15,000+ King County voters told their ballots are ‘challenged’

KING COUNTY, Wash. — Among the record-breaking million-plus ballots sent into King County elections, one of them belongs to Kurt Linden, who was motivated to track his ballot online immediately.

“I voted early,” he said. “I sent in my ballot, because I wanted it to count on Election Day.”

But like tens of thousands of voters around the state, Linden received a letter saying there was a problem with the signature on his ballot, and it required his immediate attention.

“The signature on the back of your envelope does not match the signature we have on file,” the letter said.

So Linden called the King County Elections office, and they explained it.

“They said, 'We can tell you the old one was a little bit more loopy and crossy, and the newer one was more compact,” Linden said. “And I don’t believe in drinking and voting, so my signature is pretty darn close every time.”

Statistically, about 1.5% of ballots in every election are pulled for a variety of reasons, including signature issues. Since 1.5% of one million is 15,000, the current numbers of challenged ballots are keeping trend with previous elections.

On Monday in King County alone, 15,527 ballots were listed in databases as being challenged, mostly because of signature issues. 8,379 ballots had signatures that did not match the ones on file. 2,682 ballots were listed as unsigned.

“If they don’t match or maybe the voter forgot to sign--which happens pretty frequently, we’re going to technically challenge that ballot,” said Kendall Hodson, Chief of Staff of King County Elections, who said when a signature does not match the one made on a drivers license or previous ballots, a new process begins.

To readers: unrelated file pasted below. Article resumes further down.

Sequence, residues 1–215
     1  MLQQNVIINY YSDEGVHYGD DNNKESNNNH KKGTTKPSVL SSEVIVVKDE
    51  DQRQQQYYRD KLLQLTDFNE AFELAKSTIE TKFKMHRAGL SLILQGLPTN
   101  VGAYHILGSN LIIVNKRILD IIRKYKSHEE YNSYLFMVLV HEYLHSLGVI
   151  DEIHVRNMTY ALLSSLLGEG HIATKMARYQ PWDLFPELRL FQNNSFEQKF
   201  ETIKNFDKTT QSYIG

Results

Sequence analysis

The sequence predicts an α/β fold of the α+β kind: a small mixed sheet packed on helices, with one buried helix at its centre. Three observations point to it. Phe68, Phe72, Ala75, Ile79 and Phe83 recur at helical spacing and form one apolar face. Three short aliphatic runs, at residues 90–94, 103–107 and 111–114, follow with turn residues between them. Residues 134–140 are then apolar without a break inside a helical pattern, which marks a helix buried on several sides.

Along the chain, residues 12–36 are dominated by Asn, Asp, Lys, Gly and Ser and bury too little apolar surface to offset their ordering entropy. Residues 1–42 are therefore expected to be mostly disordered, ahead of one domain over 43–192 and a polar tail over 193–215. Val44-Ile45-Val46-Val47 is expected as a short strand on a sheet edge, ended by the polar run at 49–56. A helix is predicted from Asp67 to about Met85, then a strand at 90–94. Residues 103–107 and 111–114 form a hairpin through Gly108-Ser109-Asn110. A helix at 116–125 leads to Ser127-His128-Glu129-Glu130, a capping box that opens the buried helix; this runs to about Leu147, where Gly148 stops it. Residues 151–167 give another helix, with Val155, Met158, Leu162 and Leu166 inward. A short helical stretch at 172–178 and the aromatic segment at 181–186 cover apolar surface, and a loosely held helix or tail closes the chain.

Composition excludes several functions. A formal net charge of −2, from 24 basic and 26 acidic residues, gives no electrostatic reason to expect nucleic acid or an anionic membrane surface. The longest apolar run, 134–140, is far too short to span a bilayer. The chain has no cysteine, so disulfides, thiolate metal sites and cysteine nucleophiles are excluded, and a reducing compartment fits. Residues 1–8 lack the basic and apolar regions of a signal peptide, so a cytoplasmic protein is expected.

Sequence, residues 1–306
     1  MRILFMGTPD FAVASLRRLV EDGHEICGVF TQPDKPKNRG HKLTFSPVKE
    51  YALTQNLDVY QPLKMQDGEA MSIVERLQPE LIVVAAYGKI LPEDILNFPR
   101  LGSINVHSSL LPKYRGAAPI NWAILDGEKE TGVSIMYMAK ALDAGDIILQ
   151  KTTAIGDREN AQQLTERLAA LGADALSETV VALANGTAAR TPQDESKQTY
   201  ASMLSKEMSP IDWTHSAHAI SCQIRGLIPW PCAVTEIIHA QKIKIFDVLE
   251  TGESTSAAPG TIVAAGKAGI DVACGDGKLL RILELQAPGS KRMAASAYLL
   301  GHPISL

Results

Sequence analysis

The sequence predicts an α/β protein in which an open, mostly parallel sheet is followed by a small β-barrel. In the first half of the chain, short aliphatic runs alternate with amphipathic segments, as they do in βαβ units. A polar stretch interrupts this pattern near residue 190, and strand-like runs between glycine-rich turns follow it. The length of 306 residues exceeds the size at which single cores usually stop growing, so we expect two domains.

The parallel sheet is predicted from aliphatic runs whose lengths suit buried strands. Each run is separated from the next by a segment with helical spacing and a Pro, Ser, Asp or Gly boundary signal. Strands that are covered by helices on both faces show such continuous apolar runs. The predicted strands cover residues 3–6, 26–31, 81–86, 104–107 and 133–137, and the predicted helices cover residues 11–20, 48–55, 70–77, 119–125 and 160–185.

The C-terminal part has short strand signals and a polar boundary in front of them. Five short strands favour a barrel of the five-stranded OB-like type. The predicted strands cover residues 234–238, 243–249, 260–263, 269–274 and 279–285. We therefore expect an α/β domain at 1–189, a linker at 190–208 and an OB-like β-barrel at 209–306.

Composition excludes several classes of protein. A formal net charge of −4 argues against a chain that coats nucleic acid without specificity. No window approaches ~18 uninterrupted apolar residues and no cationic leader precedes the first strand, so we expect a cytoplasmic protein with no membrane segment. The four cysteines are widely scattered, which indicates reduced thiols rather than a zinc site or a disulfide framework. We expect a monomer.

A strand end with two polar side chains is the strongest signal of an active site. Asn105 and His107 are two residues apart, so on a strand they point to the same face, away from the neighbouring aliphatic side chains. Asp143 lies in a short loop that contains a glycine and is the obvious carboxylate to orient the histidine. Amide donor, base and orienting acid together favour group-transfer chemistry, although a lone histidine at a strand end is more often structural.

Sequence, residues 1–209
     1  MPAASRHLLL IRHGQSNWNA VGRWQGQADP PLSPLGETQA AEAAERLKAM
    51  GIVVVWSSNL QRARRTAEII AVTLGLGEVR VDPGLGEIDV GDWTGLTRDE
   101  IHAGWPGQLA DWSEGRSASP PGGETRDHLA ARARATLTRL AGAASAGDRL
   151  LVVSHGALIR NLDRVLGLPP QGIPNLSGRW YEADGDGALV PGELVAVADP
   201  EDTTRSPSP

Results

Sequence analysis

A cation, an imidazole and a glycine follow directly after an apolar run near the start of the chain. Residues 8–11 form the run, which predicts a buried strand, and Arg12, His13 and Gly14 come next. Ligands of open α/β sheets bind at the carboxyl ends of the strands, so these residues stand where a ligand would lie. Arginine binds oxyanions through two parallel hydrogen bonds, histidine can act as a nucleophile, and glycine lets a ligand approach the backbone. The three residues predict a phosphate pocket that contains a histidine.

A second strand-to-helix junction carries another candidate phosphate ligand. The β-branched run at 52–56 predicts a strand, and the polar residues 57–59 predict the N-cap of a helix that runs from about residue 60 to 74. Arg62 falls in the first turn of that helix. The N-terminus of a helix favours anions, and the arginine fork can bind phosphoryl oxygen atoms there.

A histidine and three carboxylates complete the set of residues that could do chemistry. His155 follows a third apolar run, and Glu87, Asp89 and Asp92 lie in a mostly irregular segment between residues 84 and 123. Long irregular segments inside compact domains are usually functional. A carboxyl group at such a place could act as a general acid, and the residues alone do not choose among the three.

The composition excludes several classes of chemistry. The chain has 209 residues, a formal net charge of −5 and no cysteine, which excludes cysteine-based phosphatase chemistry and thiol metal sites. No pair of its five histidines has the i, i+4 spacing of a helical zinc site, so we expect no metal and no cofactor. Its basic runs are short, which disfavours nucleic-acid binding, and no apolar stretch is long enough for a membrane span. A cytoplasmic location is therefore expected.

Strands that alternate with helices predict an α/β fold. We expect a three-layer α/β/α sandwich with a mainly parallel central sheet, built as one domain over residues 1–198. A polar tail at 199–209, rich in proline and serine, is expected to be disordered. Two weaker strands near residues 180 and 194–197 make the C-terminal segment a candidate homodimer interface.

“We’re going to send the voter a letter, we’re going to call them, we’re going to email them if we have that information and say we’d like to resolve this issue,” she said.

Technically, voters like Linden have until November 23rd to validate their signatures, since the election will not be certified in Washington State until November 24th. But Linden wanted his vote and his statement to be counted by Election Day.

“We all want to feel like our vote counts,” he said. “Or why are we doing it? Why are we making it a point of voting early?”

Elections officials say they guarantee if you respond to a signature issue, your vote will count.

"We’re just going to keep calling emailing and sending you letters until we get it resolved, Hodson said. "The good news here in Washington is we have until November 24th to certify the results. So we’re going to keep counting ballots until every single one is counted and people have all that time to get any sort of signature issue resolved.''